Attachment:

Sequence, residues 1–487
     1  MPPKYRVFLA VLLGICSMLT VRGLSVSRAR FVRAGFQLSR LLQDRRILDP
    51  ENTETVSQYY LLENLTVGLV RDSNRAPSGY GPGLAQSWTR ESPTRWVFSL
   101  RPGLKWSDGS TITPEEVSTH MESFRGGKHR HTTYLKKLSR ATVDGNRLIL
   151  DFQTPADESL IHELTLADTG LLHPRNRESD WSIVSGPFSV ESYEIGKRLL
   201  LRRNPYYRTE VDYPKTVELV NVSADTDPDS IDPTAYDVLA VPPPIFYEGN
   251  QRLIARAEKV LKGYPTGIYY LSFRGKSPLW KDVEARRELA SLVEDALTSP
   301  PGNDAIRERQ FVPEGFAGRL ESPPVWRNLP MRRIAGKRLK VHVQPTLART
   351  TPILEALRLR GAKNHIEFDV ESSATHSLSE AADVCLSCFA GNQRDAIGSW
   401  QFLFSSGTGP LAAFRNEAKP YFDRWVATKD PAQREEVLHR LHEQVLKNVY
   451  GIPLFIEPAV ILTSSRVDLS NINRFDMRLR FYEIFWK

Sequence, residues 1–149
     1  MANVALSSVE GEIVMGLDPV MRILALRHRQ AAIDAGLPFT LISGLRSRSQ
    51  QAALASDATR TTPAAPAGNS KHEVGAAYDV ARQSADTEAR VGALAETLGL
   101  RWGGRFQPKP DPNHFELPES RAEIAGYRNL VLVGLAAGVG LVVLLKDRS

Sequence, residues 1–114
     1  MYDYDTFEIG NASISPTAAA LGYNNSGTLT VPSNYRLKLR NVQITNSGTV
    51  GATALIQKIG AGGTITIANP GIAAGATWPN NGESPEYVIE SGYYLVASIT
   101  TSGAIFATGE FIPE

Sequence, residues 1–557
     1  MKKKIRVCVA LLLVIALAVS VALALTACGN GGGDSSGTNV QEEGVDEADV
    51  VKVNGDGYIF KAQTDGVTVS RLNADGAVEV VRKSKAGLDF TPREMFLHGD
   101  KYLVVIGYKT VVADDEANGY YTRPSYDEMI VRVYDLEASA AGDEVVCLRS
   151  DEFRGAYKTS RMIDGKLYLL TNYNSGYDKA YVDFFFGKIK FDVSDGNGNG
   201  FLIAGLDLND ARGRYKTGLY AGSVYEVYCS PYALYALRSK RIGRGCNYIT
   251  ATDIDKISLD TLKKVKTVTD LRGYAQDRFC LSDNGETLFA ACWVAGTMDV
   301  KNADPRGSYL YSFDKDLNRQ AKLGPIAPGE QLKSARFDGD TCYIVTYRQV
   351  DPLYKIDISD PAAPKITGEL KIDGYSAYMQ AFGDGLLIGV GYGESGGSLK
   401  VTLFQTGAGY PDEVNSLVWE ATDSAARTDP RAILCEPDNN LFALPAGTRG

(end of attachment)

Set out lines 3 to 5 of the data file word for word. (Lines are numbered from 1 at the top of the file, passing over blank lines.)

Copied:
    51  ENTETVSQYY LLENLTVGLV RDSNRAPSGY GPGLAQSWTR ESPTRWVFSL
   101  RPGLKWSDGS TITPEEVSTH MESFRGGKHR HTTYLKKLSR ATVDGNRLIL
   151  DFQTPADESL IHELTLADTG LLHPRNRESD WSIVSGPFSV ESYEIGKRLL